An inflation indicator that the Federal Reserve uses as its key guide rose 3.5% in June, a sharp acceleration that was nonetheless right around Wall Street expectations, the Commerce Department reported Friday.
The personal consumption expenditures price index, which excludes food and energy, was expected to increase 3.6% at a time when the U.S. economy has seen its highest inflation pressures in more than a decade.
That gain was slightly ahead of the 3.4% May increase and represents the biggest move since July 1991.
Fed officials have said they expect the inflation surge to be transitory as it has come largely from industries sensitive to the economic reopening, as well supply chain bottlenecks and other issues likely to fade. The central bank targets 2% as its desired inflation goal, though officials are willing to tolerate higher levels temporarily as the economy tries to get back to full employment.
The core PCE index rose 0.4% month over month, which was below the 0.6% Dow Jones estimate, indicating that inflationary pressures may be starting to ebb at least a bit.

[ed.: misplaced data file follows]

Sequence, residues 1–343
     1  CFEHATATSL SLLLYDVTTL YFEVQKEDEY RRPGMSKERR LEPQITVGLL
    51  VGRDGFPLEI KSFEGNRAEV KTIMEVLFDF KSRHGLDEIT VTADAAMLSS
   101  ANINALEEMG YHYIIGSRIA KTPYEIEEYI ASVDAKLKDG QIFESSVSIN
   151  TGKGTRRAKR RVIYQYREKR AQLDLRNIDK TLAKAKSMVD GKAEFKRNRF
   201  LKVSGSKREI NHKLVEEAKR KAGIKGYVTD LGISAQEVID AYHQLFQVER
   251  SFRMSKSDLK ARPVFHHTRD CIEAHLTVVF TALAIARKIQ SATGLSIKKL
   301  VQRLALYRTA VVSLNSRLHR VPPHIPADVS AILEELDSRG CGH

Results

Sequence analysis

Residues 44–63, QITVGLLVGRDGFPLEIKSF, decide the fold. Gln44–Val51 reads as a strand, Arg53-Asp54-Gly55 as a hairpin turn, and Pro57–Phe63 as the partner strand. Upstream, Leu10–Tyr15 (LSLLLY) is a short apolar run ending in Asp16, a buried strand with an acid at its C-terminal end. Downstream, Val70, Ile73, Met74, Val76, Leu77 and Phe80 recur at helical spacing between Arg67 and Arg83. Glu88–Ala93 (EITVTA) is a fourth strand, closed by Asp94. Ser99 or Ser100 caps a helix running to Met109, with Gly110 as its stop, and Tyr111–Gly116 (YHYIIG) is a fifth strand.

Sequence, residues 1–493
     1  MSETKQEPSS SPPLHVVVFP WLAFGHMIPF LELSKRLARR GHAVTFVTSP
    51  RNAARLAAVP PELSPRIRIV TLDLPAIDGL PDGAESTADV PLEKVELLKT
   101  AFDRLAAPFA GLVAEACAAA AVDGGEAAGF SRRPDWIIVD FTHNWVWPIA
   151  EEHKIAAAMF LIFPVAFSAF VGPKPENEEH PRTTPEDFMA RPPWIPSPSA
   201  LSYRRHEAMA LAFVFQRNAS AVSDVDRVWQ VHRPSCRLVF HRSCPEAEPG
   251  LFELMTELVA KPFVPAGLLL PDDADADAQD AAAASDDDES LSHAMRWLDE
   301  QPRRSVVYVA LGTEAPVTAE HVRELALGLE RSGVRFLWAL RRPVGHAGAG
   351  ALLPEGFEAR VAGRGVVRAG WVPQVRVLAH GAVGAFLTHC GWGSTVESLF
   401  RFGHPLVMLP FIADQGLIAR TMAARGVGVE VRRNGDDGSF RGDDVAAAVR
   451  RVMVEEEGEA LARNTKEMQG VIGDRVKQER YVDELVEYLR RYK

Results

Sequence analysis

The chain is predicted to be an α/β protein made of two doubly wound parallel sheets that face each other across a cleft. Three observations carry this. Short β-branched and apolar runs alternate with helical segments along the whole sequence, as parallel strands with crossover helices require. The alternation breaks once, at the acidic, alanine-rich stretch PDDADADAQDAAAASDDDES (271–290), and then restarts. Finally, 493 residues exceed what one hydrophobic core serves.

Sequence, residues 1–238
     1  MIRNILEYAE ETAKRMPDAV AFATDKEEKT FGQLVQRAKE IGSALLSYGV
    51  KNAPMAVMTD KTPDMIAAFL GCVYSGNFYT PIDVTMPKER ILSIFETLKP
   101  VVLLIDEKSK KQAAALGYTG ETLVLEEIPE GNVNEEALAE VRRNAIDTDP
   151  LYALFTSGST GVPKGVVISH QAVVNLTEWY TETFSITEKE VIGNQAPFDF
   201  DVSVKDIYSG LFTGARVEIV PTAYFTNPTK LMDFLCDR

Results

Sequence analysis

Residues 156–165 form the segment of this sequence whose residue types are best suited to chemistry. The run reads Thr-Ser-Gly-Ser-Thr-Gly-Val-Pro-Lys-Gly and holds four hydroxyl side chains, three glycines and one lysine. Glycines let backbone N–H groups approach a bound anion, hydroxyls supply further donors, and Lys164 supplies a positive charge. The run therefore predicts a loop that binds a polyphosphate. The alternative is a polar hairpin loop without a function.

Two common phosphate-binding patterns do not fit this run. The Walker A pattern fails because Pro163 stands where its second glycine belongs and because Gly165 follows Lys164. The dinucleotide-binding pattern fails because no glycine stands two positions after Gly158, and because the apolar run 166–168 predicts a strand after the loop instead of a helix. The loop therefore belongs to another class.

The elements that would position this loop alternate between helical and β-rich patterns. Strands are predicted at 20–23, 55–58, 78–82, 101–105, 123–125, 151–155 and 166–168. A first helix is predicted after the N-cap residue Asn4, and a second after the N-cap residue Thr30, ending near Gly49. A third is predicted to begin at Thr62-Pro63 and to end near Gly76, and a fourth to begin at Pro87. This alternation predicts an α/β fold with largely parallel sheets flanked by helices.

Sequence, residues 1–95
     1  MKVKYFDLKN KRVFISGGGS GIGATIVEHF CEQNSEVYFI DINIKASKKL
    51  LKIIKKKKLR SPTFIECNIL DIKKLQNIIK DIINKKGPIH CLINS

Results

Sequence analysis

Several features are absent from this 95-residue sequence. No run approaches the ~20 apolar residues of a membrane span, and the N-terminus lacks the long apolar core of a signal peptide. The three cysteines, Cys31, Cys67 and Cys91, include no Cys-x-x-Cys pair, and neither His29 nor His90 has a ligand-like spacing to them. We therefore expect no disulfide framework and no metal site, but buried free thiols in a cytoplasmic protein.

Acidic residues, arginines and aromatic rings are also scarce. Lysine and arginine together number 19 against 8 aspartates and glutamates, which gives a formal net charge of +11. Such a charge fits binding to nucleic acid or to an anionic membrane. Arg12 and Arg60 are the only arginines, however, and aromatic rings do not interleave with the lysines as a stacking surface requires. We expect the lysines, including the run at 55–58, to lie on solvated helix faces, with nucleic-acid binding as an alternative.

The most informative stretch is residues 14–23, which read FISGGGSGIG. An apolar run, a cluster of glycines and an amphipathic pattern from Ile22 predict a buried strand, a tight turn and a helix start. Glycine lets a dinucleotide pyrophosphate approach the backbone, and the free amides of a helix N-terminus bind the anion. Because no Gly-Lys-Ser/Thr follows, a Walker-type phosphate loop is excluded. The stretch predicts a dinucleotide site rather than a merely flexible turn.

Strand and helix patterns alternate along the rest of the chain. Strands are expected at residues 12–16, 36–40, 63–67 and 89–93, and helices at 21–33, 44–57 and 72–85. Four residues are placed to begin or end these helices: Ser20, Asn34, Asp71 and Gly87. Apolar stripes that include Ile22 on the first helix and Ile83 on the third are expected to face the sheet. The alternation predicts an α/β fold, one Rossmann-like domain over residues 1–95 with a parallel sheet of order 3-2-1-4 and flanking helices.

Personal income and spending numbers, however, were better than expectations as consumers flush with stimulus cash kept the economic rebound going.
Income rose 0.1%, better than the estimate for a 0.2% decline, while spending increased 1% against a 0.7% forecast.
Employment inflation also continued to increase.
Compensation costs rose 0.7% for the three-month period ending in June while wages and salaries were up 0.9%. For the year, compensation costs increased 2.9%, up from 2.7% a year earlier, according to a separate report Friday from the Labor Department.
On the price inflation front, the PCE index including food and energy increased 4% from a year earlier, its largest increase since July 2008, just before the worst of the financial crisis hit. Energy prices rose 24.2% and food moved 0.9% higher.
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